Johannes Brahms - Symphony in E minor, No. 4, Opus 98
( Originally Published 1935 )
I. Allegro non troppo
II. Andante moderato
III. Allegro giocoso
IV. Allegro energico e passionate
It is very interesting to examine Brahms's progress as a symphonist. He appeared in the time of so-called romanticism in music, when considerations of form were largely subordinated to subjective expression. Liszt was then creating his symphonic poems and Wagner his tremendous music-dramas—all works strongly colored by literary and poetic ideas, and by a very personal attitude on the part of the composer. Brahms, in his First symphony, if not an outright romanticist, is yet "romantic" in his attitude, just as Beethoven in his Fifth. Later on we are witness to Brahms's progression backward—or forward—from the "romantic" to the "classic" persuasion. The Fourth symphony is a pure classic masterpiece. From this, however, it is not to be assumed that the symphony is only a work of design, without subjective undercurrent. Quite the contrary! While Brahms has long since parted company with the storm and stress of the First symphony, the accents of the Fourth are in the highest degree charged with the resignation and the profound understanding that his own earnest nature and the passage of the years had brought him, and the nobility that existed under his crusty exterior. The romanticist has been purged of his passion. The fury and strife are gone. With them has gone the quality of action and drama which inspired earlier pages. But in the Fourth symphony something has re-placed these things, something even more precious, and wiser.
It is perhaps significant that Brahms, ordinarily certain of himself and his work, had misgivings and questionings about this symphony. Did it touch more distant horizons than any to which he yet had raised his eyes? Or was he merely suffering from failing strength and ill-health? Or was he, as some might claim, affected by the spirit of a period which had seeds of decadence? Some find the symphony an expression of rank pessimism. They say that it is bitter, that it drips melancholy like the yew tree, that its thoughts are of death. But pessimism is not despair, nor need it be in any sense ignoble. If Brahms's thoughts at the time he wrote this symphony were turning toward his own end which was :near, death must have appeared as it should appear to all of us, as a tender friend and a supreme conscler. It is a far cry from such a spirit and art as that of Brahms to the art of a Whitman. And yet there is something in this Fourth symphony which may well turn the memory to the words of the great American poet in "Out of the Cradle Gently Rocking," when he writes of the secret word that the waves kept whispering to the boy who watched the lonely nightbird from among the reeds on the shore. Here, in this symphony, arc perhaps premonitions of the other side of life, vistas of a beauty linked with eternity, beauty as mysterious and inexplicable as the design of a pine tree against a flaming autumn sky.
The first movement begins with the lovely theme with which the orchestra is soon weaving arabesques. It continues with motives that supply the necessary energy and masculinity to balance the more delicate traceries; and all this is murmurous of some legendary land, autumnal and infinitely beautiful. The second movement is an exquisite play of ancient and modern tonalities, hauntingly poetical and suggestive of distance. The motive of the solo horn is cast in the so-called "Phrygian" mode (when the F-sharp and D-sharp of E minor become F and D natural) . Later on this "modal" treatment gives place to a version of the theme in the major key, with enchanting effect. But in the third movement Brahms is again old bear's-paws, with his feet on the good earth, rapping out his rhythm in music that tingles with force, laughter and joy.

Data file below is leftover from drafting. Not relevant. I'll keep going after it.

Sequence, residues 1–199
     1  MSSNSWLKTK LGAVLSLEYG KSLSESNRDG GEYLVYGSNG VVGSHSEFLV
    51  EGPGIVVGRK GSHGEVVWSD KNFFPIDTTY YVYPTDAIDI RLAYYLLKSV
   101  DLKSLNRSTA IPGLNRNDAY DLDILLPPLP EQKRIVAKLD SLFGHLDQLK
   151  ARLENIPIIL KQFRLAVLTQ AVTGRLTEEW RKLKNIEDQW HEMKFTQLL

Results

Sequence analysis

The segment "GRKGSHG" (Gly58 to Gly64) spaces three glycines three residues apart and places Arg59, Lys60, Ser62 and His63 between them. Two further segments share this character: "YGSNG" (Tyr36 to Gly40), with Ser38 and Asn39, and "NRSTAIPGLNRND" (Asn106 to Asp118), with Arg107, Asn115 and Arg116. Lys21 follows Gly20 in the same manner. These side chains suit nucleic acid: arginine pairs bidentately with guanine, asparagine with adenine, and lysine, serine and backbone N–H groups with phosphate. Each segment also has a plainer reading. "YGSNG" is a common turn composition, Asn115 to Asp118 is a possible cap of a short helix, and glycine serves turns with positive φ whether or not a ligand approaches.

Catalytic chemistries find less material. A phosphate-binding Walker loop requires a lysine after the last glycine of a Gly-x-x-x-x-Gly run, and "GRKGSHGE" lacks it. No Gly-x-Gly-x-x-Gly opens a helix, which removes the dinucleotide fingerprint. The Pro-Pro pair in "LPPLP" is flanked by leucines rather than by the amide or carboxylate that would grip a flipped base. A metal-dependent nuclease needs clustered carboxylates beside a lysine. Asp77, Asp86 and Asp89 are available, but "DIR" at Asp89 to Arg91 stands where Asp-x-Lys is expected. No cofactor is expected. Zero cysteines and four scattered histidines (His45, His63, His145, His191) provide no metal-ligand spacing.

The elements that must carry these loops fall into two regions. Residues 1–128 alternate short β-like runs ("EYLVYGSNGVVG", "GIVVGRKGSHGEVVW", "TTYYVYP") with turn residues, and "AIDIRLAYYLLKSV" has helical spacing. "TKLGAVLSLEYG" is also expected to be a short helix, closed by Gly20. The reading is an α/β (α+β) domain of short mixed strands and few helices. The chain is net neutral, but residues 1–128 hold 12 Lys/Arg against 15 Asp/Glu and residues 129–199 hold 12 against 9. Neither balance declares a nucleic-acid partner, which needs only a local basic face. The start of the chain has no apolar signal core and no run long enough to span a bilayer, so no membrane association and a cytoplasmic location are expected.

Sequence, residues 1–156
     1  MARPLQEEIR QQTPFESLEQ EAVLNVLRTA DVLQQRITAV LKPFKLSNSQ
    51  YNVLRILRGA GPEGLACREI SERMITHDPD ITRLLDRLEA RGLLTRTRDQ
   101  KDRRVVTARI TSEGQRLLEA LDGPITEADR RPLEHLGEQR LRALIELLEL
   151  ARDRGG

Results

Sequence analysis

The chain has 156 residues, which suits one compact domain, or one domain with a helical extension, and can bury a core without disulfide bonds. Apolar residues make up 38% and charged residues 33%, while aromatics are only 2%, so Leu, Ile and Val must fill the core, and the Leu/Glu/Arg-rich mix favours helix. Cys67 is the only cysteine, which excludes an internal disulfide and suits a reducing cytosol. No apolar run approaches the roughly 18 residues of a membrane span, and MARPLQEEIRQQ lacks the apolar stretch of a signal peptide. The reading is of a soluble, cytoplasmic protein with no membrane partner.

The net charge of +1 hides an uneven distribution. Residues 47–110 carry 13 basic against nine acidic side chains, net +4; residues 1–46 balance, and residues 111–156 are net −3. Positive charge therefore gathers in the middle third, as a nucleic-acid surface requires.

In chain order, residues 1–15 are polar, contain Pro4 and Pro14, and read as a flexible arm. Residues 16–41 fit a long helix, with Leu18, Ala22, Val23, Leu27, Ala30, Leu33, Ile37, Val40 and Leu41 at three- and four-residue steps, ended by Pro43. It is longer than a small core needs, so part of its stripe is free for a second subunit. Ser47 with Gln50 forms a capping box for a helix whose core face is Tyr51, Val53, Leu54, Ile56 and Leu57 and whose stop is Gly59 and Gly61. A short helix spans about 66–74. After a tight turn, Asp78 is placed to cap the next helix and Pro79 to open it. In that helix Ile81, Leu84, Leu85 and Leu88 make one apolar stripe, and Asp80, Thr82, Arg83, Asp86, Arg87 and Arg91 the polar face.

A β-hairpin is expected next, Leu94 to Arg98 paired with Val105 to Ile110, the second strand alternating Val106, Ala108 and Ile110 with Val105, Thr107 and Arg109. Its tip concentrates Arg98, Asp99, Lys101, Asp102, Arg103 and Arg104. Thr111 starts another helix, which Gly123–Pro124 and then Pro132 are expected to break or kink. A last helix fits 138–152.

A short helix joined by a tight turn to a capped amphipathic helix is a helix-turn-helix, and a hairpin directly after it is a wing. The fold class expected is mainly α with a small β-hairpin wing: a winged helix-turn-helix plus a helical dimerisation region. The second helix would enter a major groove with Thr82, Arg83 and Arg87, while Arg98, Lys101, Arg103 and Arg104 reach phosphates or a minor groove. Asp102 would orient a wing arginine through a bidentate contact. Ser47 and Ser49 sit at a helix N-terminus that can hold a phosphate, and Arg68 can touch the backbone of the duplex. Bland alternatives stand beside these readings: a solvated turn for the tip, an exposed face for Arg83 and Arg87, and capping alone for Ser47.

The final movement is the great Passacaglia, cap-stone to the whole edifice. Some may find in it the same esthetic significance as in the finale of Beethoven's "Eroica." On a theme eight measures long are built masterly variations and a coda. The pervading motive is always present, in one or another form, and with different orchestrations. It is variously altered and disguised, but if examined shows how closely Brahms is sticking to his text. After each one of the variants it would be fair, to applaud, save that some of them go too deep for applause and can only be rendered silent homage. One of these is the twelfth variation for the solo flute, over soft chords of horns and violins; others are the fourteenth, with its chorale for the trombones; the passionate seventeenth and eighteenth; the song of the wind instruments in variation 28. But it is inadvisable and superfluous to con-fuse the listener by reference to details in this movement. Indeed, nothing is more striking than the manner in which the variations are put together. 'Thus the movement is not a series of episodes, but rather of linked evolutions of a single thought, with a final great sweep from the sixteenth variation, when the theme is uttered with such magnificent energy by the brass choir, to the end. It could be said that Brahms had been unconsciously preparing himself for the composition of this Passacaglia through many years of gradually acquired mastery of the variation form. The movement is his last symphonic will and testament. Some consider that the Fourth Symphony represents the end of a long musical epoch, and they explain its pervading spirit as the farewell of a master whose thoughts turned away from the present and back to the faith of his great forbears--Bach, Handel, Beethoven, Schubert. But this noble and reflective work appears more secure, and more rather than less in touch with living musical thought as the years pass. If this be resignation it is the resignation of strength, faith, awareness of the indestructibility of thought and beauty.